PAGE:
As U.S. home prices fall, the number of buyers with underwater mortgages is increasing

Many new homeowners are finding that they owe more on their mortgage than their home is worth as rising interest rates drive down home prices.

About 250,000 Americans who took out a mortgage to buy a home this year are now underwater, meaning the home is worth less than the loan they took out, according to new data from Black Knight. Another 1 million have less than 10% equity.

That’s because the highest mortgage rates in decades, combined with already steep home prices, have made it one of the worst times for consumers to buy a new home.

“While the home price correction has slowed, it has still exposed a significant pocket of equity risk,” said Ben Graboske, president of data and analytics at Black Knight. “Make no mistake: negative equity rates remain well below historical averages, but a clear bifurcation of risk has emerged between mortgage homes purchased at or before the start of the pandemic versus those purchased recently.”


A For Sale sign stands outside a home in Westwood, Massachusetts on October 6, 2020. (AP Photo/Steven Senne, File/AP Newsroom)

Amid the COVID-19 pandemic, home prices have risen at a rate not seen since the 1970s, while mortgage rates have hit record lows. Homebuyers — flush with stimulus cash and desperate for more space during the pandemic — flocked to the suburbs; At the peak of the market, demand was so strong and inventory so low that some buyers forgo home inspections and appraisals or pay hundreds of thousands over the asking price.

But painfully high inflation and rising borrowing costs have proved a deadly combination for the housing market, dampening consumer demand and driving down house prices.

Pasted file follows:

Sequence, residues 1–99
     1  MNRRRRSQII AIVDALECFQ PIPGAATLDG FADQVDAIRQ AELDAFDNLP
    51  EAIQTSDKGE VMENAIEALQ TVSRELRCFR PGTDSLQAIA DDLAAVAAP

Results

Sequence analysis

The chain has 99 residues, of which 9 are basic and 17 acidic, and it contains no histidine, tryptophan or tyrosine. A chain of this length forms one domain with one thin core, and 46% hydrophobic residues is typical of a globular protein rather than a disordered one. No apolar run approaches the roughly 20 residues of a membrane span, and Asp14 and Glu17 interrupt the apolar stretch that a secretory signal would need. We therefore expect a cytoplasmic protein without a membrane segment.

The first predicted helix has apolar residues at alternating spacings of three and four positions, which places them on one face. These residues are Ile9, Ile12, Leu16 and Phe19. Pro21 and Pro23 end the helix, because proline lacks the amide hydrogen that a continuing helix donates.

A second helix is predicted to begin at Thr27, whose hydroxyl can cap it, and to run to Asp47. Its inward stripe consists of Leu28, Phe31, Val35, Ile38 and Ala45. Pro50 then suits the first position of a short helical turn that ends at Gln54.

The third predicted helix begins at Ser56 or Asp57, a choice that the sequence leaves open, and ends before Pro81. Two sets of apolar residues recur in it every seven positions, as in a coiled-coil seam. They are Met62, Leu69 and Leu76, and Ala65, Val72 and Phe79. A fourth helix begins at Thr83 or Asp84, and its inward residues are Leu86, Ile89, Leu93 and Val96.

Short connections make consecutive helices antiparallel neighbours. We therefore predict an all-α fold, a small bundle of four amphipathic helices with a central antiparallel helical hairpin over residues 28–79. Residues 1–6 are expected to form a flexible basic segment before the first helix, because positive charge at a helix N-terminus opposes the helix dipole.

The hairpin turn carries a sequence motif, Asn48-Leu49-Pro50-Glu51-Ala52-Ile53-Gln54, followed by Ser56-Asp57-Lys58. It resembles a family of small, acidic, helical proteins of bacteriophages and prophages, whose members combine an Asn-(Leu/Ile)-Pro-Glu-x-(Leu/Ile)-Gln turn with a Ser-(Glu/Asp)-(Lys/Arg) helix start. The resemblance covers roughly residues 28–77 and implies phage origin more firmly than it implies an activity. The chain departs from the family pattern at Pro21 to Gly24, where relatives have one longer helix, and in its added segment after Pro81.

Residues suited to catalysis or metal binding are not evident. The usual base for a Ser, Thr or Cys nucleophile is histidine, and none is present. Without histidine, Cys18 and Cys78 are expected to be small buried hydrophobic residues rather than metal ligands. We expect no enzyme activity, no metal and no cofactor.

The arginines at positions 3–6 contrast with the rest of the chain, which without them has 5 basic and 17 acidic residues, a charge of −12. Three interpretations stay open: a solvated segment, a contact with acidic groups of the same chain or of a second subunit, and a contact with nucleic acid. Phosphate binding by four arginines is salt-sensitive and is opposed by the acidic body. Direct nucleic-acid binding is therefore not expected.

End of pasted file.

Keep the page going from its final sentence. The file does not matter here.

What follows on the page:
Overall, about 8 percent of mortgages taken out this year are underwater, or about one in 12 homes purchased in 2022. According to Black Knight, the situation is even worse for individuals with government-backed mortgages: About 25 percent of those buyers are now underwater this year.

US Housing Recession: What It Means

“This is an illustrative and, unfortunately, potentially vulnerable cohort that we will continue to monitor closely in the coming months,” Graboske said.

The problem may get worse before it gets better. Some experts see that prices fell by 20% as a result of higher mortgage rates over the next year.

Housing market

Homes in the Harris Ranch community in Boise, Idaho July 1, 2022. (Jeremy Erickson/Bloomberg via Getty Images/Getty Images)

A combination of data released last month showed that the housing market is already deteriorating rapidly: Selling existing items houses fell in October for the ninth consecutive month; homebuilder sentiment fell to lowest level since 2012 in November; and investor home purchases fell by 30%.

Most experts agree that the housing market is deteriorating The Federal Reserve tightens policy to eliminate runaway inflation at its fastest pace in three decades.


Policymakers have voted to approve six consecutive interest rate hikes this year, including four consecutive 75-basis-point hikes in June, July, September and November.

Average rate for a 30-year permanent mortgage It fell to 6.33% this week, according to the latest data released by mortgage lender Freddie Mac last week. That’s well above rates of 3.10% a year ago, though it’s down from a peak of 7.08%.

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